Housing Exec Land Deals Cost Public Purse Millions
|July 19, 2012||Posted by Jeffery J. Smith under News|
Dudded Aussie Housing Data Enrich Speculators
Earth’s worth should not support thievery but all society equally. We trim, blend, and append two 2012 articles from (1) BBC, Jly 6, on dealing by J. O’Neill, and (2) Financial Review, Jly 7, on data by B. Hurley.
by Julian O Neill and by Ben Hurley
Housing Executive Land Deals Cost Public Purse Millions
The Northern Ireland Auditor General said evidence showed land deals were done without proper valuations or approval.
The public purse has lost millions of pounds because there were no valuations done, or there was “favoritism”.
A “significant proportion” of 27 sales — netting £84m — involved sites not advertised publicly to attract bidding. Instead they went “to preferred buyers.”
A range of issues was detected in violation of the housing body’s statutory duty to obtain the best value for the sites.
Under rules, the executive board must sign off on deals of over £100,000, but instead sales up to the value of £8m were being authorized at senior staff level.
The Auditor General also found fraud and error in housing benefit payments amounting to £10m.
The current Social Development Minister Nelson McCausland said at public housing contractors claimed for more doors than existed in a house.
JJS: If it’s not fraudulent deals in Britain then it’s fraudulent data in Australia.
Don’t be Dudded by Official Housing Data
The National Housing Supply Council (NHSC), an organization formed by the federal government, claimed Australia’s housing supply lacks 85,000 dwellings. The banking and real estate sectors argued “this shortage” strongly affected Australia’s rocketing housing prices. There was only one small problem: the purported shortage was complete fiction.
Australian economists Kris Sayce and Steve Keen unmasked the miscalculation. While homelessness is serious with tens of thousands suffering from this plight, these persons do not have the financial power to turn their needs into demand; same goes for the residents of caravan parks. The NHSC produced evidence of social need but not actual demand.
Who on earth rounds up to the nearest 5,000? The NHSC is a body stacked with industry and former government professionals. Its continued funding would most likely quickly dry up were they to find that no shortage but a surplus.
The pseudo-science of the NHSC has not prevented vested interests from promoting its conclusions as fact. They rely upon the public not reading through hundreds of pages of economic and statistical analysis. After all, the public relies upon and trusts the “experts”.
The year 2007 was the first time since 1950 that population growth was higher than dwelling growth. If the housing shortage argument was correct, housing prices should’ve started to rise from 2007 onwards, not 1996.
In the US, the Federal Reserve, National Association of Realtors, California Building Industry Association, and Harvard University’s Joint Center for Housing Studies produced sophisticated studies to show that the $8 trillion housing boom was caused, in part, by dwelling shortages. These studies were authored by professors, PhDs, and businesspeople, all with conflicts of interest that could fill a small book. Yet, their expertise was as illusory as the shortage when the housing market crashed.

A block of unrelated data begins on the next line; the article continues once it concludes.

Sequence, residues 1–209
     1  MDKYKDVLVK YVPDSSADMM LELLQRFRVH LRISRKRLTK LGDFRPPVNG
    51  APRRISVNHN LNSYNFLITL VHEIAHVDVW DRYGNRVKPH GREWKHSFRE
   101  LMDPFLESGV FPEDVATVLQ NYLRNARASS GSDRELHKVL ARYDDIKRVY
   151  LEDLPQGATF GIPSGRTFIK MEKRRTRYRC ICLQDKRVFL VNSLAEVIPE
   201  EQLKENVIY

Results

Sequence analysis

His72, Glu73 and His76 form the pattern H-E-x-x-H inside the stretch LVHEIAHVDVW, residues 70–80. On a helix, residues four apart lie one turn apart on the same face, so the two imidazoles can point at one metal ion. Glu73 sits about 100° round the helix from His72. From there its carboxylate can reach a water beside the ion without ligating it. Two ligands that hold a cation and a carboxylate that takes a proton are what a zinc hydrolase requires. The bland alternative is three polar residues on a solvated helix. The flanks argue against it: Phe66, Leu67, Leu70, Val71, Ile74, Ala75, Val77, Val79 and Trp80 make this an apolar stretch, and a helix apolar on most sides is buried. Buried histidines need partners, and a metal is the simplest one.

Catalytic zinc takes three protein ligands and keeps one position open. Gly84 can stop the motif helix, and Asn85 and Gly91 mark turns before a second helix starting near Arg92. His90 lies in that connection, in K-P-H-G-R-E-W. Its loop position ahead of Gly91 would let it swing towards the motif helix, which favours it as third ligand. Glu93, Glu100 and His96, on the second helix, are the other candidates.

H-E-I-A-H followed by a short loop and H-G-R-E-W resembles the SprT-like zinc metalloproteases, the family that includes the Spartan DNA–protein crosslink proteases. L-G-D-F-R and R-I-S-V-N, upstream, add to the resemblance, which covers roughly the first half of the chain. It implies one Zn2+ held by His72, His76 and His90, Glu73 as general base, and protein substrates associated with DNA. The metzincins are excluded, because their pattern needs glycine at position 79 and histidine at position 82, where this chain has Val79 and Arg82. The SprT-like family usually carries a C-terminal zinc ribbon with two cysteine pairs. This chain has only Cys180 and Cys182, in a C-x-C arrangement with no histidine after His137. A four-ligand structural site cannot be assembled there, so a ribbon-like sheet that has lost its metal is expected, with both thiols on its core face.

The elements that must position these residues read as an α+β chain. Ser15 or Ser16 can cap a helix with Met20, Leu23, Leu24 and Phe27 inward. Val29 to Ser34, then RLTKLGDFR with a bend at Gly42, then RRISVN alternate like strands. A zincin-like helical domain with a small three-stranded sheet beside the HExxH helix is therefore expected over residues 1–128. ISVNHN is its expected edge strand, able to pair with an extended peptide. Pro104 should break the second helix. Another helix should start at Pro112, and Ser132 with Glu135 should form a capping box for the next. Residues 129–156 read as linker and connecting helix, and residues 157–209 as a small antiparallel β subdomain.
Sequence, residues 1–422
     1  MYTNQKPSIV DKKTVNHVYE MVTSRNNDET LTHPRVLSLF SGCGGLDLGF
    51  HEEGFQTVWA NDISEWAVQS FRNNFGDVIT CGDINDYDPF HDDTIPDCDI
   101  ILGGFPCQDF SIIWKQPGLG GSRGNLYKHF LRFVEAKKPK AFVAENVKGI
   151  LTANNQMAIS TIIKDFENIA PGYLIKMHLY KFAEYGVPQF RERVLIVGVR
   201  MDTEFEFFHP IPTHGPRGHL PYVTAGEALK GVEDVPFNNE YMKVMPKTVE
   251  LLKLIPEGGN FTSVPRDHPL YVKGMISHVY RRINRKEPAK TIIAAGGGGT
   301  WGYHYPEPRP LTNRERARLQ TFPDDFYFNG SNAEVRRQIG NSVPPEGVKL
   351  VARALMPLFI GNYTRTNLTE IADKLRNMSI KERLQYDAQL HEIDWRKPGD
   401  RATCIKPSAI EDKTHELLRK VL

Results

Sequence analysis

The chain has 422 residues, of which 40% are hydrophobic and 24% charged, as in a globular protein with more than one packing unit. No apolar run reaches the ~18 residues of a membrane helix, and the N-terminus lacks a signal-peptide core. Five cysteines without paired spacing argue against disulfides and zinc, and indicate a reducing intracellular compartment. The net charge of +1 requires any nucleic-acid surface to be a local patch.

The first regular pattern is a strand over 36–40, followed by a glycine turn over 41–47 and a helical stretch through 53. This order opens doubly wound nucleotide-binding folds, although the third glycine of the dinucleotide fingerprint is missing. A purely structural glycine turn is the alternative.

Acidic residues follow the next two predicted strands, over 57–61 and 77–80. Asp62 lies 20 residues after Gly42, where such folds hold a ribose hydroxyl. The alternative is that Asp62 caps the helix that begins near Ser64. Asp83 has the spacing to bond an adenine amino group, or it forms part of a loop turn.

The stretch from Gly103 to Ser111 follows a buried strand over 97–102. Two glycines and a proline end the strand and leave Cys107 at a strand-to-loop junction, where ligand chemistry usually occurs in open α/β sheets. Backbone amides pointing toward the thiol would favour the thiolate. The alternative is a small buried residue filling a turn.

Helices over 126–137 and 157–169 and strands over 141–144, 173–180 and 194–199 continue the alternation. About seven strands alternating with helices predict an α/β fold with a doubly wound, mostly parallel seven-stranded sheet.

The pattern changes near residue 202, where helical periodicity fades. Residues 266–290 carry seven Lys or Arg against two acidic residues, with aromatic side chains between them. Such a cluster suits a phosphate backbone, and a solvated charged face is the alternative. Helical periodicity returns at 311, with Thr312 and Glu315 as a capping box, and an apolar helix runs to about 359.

Every country has always had its so-called ‘experts’ claim that prices were based upon shortages. The same again occurred in Ireland and Spain. These three countries are now bulldozing entire neighborhoods to reduce some of the massive oversupply.
Responding to critics, the NHSC chairman has reported that an undersupply could be incorrect. In fact, Morgan Stanley researchers have found that the current 228,000 dwelling “undersupply” has now become an oversupply of 341,000.
The run-up in housing prices is likely due to other factors, specifically the escalation in real estate speculation. As of 2011, mortgage debt reached $1.2 trillion or 85% of GDP. Combined with personal debt, this climbs to $1.3 trillion or 95% of GDP. Politicians make speculation easy, granting $53 billion in subsidies and tax breaks.
Apartment billionaire Harry Triguboff, Australia’s second wealthiest man, was surprisingly candid at a lunch held by the American Chamber of Commerce last October. He told the audience he was able to pay “very little tax”. “I keep a lot of my properties. And if you keep them and there’s capital gain it’s beautiful,” he said. “You don’t pay tax. I don’t lease them so I don’t pay tax on the rent, but I get depreciation.”
He paid tax on apartment sales but that’s where the land banking came in. “You have to buy lots of empty land,” he said. “You keep the land and it brings you no income, so you claim it against your tax.”
JJS: The article above referred to our sister organization, EarthSharing, producers of the film, Real Estate 4 Ransom, a documentary on the economic structures behind boom-bust-bailouts and the reforms needed, now on line. To read more
Even in the most “civilized” nations, there is so much easy money to be made in land and land related businesses — such as construction, maintenance, lending, and insuring of mortgages — that the temptation is too great and the less scrupulous among us cheat everyone else, whether by shoddy deals or shoddy data or other means..
The solution, of course, is to reduce the temptation. The way to do that, of course, is to not leave land value in the way of temptation but instead treat it as part of the common wealth, while treating buildings, earnings, and businesses as legitimate private property, belonging beyond the tax base. Australia once came the closest to this ideal — taxing land quite a bit — but today there’s still a long way to go.
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